Commercial and industrial property tax – Victoria’s quiet revolution

Not a day goes by without an economist, academic or media commentator spruiking our nation’s urgent need for comprehensive tax reform. Yet while the Stage 3 tax cuts, bracket creep and the GST distribution amongst the states are constantly making the headlines, the Victoria Labor Government has continued its quiet revolution in property tax reform.

Victoria’s transfer duty on commercial and industrial property will be replaced by an annual property tax. This is a much more significant change than its virtual elimination of the land tax free threshold earlier this year. The legislation to enact the changes has been tabled in the Victorian Parliament and is still to become law.

The Commercial and Industrial Property Tax (CIPT) will apply to the land categories its name suggests and also to retail premises, infrastructure and student accommodation (all known as “CIPT land”) however, excludes residential, health, aged care, government, community and primary production land. A taxpayer will be assessed for CIPT for a tax year for all CIPT land held at the previous 31 December. The rate of CIPT will be 1% of the taxable value of the land being the unimproved or site value determined by the Valuer-General. A lower rate of 0.5% will apply to qualifying Build to Rent land. The CIPT will not apply to land which is fully exempt from transfer duty or landholder duty.

The most remarkable feature of the CIPT is its long transition from the commencement date (1 July 2024). To prevent the collapse in state revenue from a cold turkey replacement of the sizeable transfer duty with a smaller annual tax, the existing transfer and landholder duty will apply one last time – being to the first acquisition of a qualifying interest (more than 50%) in the CIPT land or landholder on or after 1 July 2024.

The CIPT will then commence in earnest for the first tax year commencing 10 or more years after that acquisition. It will apply to whoever is the owner of the interest on each 31st of December. Transfer duty or landholder duty will not apply to the interest even where the interest is subject to future transfers. The current Land Tax will continue unaffected by the introduction of the CIPT being assessed in the land tax year for property owned at the previous 31 December.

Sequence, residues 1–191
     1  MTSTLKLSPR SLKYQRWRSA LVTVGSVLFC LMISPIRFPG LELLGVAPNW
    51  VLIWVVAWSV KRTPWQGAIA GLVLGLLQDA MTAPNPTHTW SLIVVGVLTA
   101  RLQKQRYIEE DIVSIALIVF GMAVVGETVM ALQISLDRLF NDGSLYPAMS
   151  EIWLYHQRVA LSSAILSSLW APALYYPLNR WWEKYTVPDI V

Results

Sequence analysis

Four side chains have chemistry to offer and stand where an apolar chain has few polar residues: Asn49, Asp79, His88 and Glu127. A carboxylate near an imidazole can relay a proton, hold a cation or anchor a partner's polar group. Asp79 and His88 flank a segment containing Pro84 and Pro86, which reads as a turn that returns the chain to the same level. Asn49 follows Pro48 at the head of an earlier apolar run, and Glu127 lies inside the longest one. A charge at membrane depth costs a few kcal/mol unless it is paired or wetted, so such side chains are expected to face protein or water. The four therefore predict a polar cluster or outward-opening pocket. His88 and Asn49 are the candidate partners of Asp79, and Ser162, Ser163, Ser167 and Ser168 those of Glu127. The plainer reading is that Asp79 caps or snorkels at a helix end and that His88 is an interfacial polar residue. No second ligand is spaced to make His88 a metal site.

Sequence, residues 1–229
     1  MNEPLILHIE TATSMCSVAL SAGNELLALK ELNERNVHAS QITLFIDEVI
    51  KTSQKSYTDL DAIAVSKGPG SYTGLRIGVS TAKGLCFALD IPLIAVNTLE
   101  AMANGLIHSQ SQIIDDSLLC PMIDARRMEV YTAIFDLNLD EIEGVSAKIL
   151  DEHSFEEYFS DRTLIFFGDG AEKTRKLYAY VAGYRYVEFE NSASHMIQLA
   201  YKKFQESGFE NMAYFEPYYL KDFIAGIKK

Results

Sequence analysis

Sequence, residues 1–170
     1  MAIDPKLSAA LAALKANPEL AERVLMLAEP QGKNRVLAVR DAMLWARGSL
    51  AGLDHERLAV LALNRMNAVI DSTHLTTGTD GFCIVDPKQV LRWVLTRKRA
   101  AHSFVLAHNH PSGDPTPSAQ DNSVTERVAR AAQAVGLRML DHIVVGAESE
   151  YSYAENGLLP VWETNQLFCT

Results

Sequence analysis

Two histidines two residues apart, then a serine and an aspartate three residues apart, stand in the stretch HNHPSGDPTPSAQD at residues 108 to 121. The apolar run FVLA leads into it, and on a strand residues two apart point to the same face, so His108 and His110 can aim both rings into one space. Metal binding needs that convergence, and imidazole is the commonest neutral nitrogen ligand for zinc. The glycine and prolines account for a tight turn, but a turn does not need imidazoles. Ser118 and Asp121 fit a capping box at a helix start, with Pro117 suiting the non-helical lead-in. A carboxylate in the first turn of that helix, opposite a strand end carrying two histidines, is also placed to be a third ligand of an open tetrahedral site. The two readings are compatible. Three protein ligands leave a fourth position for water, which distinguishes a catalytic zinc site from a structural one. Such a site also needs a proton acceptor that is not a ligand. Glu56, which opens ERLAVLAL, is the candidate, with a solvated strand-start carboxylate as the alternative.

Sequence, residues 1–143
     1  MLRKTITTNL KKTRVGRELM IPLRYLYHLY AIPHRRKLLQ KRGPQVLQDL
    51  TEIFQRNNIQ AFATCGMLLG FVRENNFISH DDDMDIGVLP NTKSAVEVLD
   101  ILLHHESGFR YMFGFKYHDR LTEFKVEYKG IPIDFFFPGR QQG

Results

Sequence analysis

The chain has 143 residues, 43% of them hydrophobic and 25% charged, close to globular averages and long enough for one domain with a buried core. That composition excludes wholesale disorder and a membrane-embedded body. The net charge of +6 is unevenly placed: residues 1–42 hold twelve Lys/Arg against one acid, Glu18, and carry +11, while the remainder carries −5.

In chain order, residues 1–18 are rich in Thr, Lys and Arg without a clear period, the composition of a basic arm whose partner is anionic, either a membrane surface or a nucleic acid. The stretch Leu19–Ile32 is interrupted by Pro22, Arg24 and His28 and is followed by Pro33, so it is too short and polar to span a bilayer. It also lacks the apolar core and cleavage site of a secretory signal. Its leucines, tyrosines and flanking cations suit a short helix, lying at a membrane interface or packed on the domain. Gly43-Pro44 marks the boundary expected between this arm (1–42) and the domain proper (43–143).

Example A

WidgetMaker acquires a factory on 30 September 2024. It pays transfer duty on the factory purchase and also annual land tax from 1 January 2025 thereafter. From 1 January 2035, it pays CIPT as 1% of the unimproved land value as well as land tax. On 1 July 2040, WidgetMaker sells the land. The purchaser will not be required to pay transfer duty on its acquisition but because of its ownership at 31 December 2040, it will be required to pay will pay CIPT and land tax in 2041.

During the 10 year transition period, the purchaser of the CIPT land interest could instead opt to pay a State Facilitated Transition Loan instead of the final transfer duty or landholder duty liability. The loan requires repayments of ten equal instalments incorporating the amount of duty otherwise payable, plus interest.

Example B (based on a Victorian 2023-24 Budget Fact Sheet)

QuickSale buys a retail store on 31 March 2025. The purchase price is $1.8million upon which transfer duty would be $99,000. Instead, QuickSale takes up a State Facilitated Transition Loan requiring 10 annual repayments of $13,100. It also pays annual land tax. QuickSale divests of the store on 31 March 2027 to LongHold. The State Facilitated Transition Loan becomes the first charge against the property and QuickSale repays the unpaid loan balance of approximately $79,000 to facilitate its sale. LongHold does not pay transfer duty on its acquisition of the store but pays land tax from 2028 onwards. Its CIPT liability on the retail store commences in 2036.

The CIPT regime includes provisions to cater for subdivisions and consolidations, aggregation of transactions, changes of use and joint ownerships.

The new tax and its transition is very complex, has many moving parts and is subject to Parliamentary processes and interpretation by Victorian State Revenue Office. Many issues remain to be fully determined and understood including:

  • Application to acquisitions straddling the 1 July 2024 commencement date including planning of proposed acquisitions
  • Application to options, and
  • The income tax and CGT treatment of payments of both the State Facilitated Transition Loan and the CIPT.

Mazars will issue further guidance on these issues and the transition to the new tax in the near future.

For more information on CIPT please contact your usual Mazars advisor or alternatively our specialists on:

Brisbane – Jamie Towers

Melbourne – Michael Jones

Sydney – Stephen Baxter

+61 7 3218 3900

+61 3 9922 1166

+61 2 9922 1166

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Published: 02/04/2024

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